The Fever Code:

This will easily become an emotional post, just so you know. Some backstory: The Maze Runner was the second YA book I picked up, right after The Hunger Games, and both series have a very special place in my book (I’m so punny). I’ve been with Thomas and the gang through a lot, and when I heard The Fever Code launch would be in Los Angeles, I had to go. James Dashner was one of the authors I had always wanted to meet, but always seemed to miss. So come September, it was a glorious day when I drove to the Grove and finally got to meet the man who had helped inspire me to write YA. The Fever Code is also the only Maze Runner book I have signed, so it holds a special place on my shelf. But back to my review. (There will be SPOILERS. You’ve been warned. If it’s marked, it’s a big spoiler.)

It’s been a few years since I read The Maze Runner, and I’m sure I missed a lot of subtle remarks and wit, but reading The Fever Code was better than seeing an old friend. It was like seeing an old friend who runs across the airport floor and launches into a bear hug as if no time had passed. BUT— within two chapters I was bawling. I know there’s some hate for The Kill Order, and I agree with some of it, but stepping into The Fever Code dispelled all that fear, and hearing Dashner say THIS was the original prequel he wanted to write made me love it so much more. You can see how much it meant to him to revisit these characters and this world, to give an ending that would satisfy us Gladers, yet not give us all the answers in a bullet list.

SPOILERS: Turn away if you don’t want to know. I’m starting off with Chapter 2, because I don’t know if there is a book that compares to the level of anguish I just went through reading that chapter. Yes, there are some books where it comes close, but I’ve been by Thomas’ side since day one, and chapter two made me reconsider that. “Stephen, Stephen, Stephen. My name is Stephen.” Suddenly my eyes brimmed with tears and I couldn’t see the page anymore. Thomas had a real name, an identity beyond the Maze. In five pages, Dashner remade himself the king of heartbreak. Five pages, that’s the entirety of Chapter Two, but it ends with “Thomas, Thomas, Thomas. My name is Thomas.” The build of this moment, of this transformation, is stunning. And if you want to know how to tear apart of fandom, just read that chapter.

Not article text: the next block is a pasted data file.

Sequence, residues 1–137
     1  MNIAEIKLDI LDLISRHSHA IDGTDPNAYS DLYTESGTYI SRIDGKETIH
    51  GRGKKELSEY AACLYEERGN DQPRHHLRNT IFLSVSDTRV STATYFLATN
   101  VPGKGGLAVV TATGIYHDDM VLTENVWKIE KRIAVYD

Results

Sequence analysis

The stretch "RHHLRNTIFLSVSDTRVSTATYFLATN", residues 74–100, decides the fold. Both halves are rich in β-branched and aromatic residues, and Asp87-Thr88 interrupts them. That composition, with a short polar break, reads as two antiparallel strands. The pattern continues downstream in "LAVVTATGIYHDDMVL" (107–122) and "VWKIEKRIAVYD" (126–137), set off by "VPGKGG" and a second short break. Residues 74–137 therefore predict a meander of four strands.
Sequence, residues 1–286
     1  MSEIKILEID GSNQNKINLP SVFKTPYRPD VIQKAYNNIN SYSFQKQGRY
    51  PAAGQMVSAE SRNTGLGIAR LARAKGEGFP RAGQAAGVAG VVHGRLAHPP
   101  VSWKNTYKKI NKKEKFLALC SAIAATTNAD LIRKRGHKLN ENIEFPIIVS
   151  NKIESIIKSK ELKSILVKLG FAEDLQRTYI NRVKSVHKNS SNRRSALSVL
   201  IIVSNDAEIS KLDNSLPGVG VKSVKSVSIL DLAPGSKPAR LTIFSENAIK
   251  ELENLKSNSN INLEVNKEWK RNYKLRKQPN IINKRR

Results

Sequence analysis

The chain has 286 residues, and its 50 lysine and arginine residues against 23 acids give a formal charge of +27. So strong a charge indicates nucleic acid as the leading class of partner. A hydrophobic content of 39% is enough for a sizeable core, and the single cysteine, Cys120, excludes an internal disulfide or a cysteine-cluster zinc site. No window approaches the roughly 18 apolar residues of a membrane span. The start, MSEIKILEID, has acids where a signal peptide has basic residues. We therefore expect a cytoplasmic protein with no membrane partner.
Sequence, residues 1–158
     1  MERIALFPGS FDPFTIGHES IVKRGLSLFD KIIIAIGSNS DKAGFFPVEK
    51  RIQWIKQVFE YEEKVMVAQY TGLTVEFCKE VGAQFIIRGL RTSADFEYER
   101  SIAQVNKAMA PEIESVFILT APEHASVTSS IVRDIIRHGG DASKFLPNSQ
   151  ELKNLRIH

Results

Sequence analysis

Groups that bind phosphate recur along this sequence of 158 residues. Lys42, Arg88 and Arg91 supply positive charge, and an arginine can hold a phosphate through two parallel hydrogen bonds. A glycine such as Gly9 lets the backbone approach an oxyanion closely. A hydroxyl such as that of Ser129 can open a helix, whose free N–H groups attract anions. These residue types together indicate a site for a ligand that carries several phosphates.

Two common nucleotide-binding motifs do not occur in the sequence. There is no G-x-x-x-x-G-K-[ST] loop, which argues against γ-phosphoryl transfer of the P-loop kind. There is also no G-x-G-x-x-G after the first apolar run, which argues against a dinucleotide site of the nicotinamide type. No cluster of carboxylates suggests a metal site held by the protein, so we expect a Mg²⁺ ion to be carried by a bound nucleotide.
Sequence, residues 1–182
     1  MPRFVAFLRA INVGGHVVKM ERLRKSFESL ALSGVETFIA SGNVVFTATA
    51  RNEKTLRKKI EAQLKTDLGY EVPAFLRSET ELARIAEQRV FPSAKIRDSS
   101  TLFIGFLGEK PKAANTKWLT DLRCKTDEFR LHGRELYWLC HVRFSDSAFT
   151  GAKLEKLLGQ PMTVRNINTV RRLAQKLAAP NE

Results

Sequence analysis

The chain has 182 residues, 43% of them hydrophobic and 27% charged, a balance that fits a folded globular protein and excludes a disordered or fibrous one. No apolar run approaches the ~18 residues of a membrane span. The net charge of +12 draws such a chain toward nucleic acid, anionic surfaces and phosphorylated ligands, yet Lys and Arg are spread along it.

Building Wicked… it was so intriguing watching that organization come to life before my eyes. And GAW! All the little threads between the books that finally get tied together, all the people who have remained in the shadows now getting a name, a motive… it makes me want to go back and read all the books again to see what I missed (which I will! Trust me. The level of detail to each tie-in is remarkable). Dr. Paige though! That tie-in was killing me the whole time I read The Fever Code, because I wanted to know who this person was, how she let this happen— I got my answers.

The Gang: The Maze Runner is NOTHING without each individual Glader, and oh boy did I simultaneously tear up and laugh when I got to meet Alby, Minho, and Newt again. But CHUCK! Once a favorite, always a favorite.

This is probably my worse review because I won’t stop babbling about my love for this series, the characters, and everything that makes this fandom.

Back to Chuck. Page 125. My note reads: I HATE you James Dashner! The TEARS! CHUCK!!!!! Meeting Chuck is a swift kick in the gut, because you know where it leads. But worse is what happens over the course of The Fever Code. Chuck is as lovable as ever, and he becomes Thomas’ protégé, allowed in the control room once the Maze Trials start… and he knows someday it will be his turn. He doesn’t fight his fate, he know they will wipe his memory, he knows it’s dangerous, but he is no coward. And then he gets— well, you know.